Insurance Amendment Bill

Insurance Amendment Bill: The need of the hour

 Insurance Amendment Bill Given India’s low insurance penetration & density, crucial to foster the sector’s growth.

Raising FDI cap helps this, while the Bill’s provisions protect India’s interests.

 Insurance Amendment Bill

In yet another remarkable move, both the houses of Parliament have pass the Insurance Amendment Bill in the budget session.

The Bill amends the Insurance Act 1938, increasing the FDI limit from 49% to 74%.

In 2015, the Modi government increase it to 49% from 26%, and now, in 2021, it has been raise to 74%. In 1994.

a committee head by former RBI Governor RN Malhotra, form by the then Congress government.

Recommended inclusion of private insurers & foreign collaborators.

But, it wasn’t until 2000, under the Vajpayee government.

That a Bill was passed to welcome private players and allow foreign investment up to 26%.

This was the first time that insurance sector witness policy reforms.

Development finance institution & privatization

Since 1994, in the three occasions when Congress governments came to power

They failed to pass any noteworthy reforms in the sector.

The NDA government, which has persistently showcase aptitude for bold policy reforms through GST, Insolvency Bankruptcy code.

Has once more proven its strong political will in bringing about groundbreaking reforms through this amendment.

This amendment is an enabling provision.

It is not mandatory to have 74% FDI in Indian insurance companies.

However, if the company desires, then it may increase its foreign equity share up to 74%.

We would be mistaken if we assumed that companies do not require expansion in FDI limit.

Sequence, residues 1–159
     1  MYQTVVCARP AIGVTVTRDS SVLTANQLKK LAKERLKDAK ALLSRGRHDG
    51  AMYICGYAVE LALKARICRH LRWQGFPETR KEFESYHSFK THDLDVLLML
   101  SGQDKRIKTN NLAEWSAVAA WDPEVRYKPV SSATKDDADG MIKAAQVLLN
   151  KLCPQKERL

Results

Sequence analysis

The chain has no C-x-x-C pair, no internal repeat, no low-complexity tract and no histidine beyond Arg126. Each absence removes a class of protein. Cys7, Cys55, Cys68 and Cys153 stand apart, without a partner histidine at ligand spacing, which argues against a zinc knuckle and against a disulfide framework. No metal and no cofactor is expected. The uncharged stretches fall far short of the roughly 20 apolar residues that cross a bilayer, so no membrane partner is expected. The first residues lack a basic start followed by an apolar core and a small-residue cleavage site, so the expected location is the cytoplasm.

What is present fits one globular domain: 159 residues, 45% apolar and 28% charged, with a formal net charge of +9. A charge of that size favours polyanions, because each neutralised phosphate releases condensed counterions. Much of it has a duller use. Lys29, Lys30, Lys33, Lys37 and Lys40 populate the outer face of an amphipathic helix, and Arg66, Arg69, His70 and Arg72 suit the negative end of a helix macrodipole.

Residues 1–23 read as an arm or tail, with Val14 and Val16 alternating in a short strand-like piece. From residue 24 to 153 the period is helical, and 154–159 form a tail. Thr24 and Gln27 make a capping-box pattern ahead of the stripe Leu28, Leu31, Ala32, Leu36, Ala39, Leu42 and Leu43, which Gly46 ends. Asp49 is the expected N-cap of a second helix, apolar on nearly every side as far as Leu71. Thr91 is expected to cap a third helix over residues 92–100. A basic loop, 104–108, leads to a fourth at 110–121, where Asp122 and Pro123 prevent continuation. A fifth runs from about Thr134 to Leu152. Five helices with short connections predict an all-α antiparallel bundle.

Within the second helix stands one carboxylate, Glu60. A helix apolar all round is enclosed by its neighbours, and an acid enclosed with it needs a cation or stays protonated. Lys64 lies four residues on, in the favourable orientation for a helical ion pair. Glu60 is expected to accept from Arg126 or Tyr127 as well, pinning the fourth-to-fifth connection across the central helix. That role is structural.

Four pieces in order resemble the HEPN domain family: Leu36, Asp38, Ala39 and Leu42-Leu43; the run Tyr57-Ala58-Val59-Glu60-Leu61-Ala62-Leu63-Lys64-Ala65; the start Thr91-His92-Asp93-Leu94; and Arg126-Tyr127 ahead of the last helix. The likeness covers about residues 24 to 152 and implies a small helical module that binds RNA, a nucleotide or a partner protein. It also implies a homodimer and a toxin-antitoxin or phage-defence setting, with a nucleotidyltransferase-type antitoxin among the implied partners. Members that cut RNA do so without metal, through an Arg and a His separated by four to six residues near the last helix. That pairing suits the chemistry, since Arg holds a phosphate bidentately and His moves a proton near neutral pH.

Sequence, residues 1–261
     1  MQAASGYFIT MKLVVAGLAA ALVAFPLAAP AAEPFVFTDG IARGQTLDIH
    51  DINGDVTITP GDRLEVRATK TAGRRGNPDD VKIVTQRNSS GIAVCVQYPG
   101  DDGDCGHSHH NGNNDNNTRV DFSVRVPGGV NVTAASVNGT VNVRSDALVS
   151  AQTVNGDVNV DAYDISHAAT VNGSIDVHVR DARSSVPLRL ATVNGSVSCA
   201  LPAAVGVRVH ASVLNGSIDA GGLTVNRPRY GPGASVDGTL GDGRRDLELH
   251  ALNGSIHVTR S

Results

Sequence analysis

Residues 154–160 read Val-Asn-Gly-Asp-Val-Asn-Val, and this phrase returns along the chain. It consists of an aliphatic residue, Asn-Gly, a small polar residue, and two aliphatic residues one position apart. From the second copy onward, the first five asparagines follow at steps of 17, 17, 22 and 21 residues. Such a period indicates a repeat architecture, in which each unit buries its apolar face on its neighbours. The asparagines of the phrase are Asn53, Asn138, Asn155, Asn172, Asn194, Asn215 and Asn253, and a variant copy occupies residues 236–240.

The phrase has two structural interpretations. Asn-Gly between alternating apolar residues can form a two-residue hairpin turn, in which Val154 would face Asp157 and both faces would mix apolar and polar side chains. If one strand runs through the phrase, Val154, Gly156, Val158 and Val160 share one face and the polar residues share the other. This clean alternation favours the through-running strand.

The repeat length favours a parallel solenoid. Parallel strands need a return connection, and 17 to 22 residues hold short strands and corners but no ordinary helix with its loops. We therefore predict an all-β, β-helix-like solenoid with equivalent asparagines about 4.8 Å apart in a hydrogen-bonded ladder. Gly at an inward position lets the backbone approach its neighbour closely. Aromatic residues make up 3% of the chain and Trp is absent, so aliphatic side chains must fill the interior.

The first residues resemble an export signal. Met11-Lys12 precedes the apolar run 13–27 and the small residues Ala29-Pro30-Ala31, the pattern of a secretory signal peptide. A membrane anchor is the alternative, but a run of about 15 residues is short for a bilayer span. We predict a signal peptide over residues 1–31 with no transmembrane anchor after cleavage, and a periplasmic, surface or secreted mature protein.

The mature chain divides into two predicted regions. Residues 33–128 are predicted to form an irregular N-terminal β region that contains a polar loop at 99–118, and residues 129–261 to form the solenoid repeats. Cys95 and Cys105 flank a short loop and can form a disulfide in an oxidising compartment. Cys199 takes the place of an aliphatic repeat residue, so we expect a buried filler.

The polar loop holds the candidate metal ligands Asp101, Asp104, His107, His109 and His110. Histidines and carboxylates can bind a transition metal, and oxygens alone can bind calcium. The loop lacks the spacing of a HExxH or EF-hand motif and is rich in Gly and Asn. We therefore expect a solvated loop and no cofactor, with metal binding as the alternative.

Five private sector companies have already reached the 49% mark and therefore can benefit from the added increase.

Section 27 E of the Insurance Act

The Bill carries several safeguards that ensure ultimate control lies with the Indian entity.

No insurer shall directly or indirectly invest outside India the funds of policyholders.

The “Indian ownership and control” requirements under the Insurance Act have been amend.

Half of board members & key management members (CEO, CFO, CRO, etc) have to be Indian residents.

A fix proportion of the income keep in the general reserve to provide for policyholder claims regardless of foreign investor’s financial situation.

Effectively, management control of the company would be with the Indian promoter.

 Insurance Amendment Bill

60 insurance companies carry out by the IRDAI

The amendments have been formula after an all-embracing consultation.

The regulatory body for the insurance sector in India.

Apprehensions that foreign investors will invade the Indian companies can be put to rest as the insurance sector is highly regulated.

IRDAI shoulders the responsibility of regulating & approving prices, products, marketing, investment and ownership.

In order to be on a par with its global counterparts, India requires healthier insurance penetration and density.

The said metrics are symbolic of development of the insurance sector in the nation.

Similarly, India’s insurance density performance is not encouraging either.

India stands at $78 against a whopping global average of $818.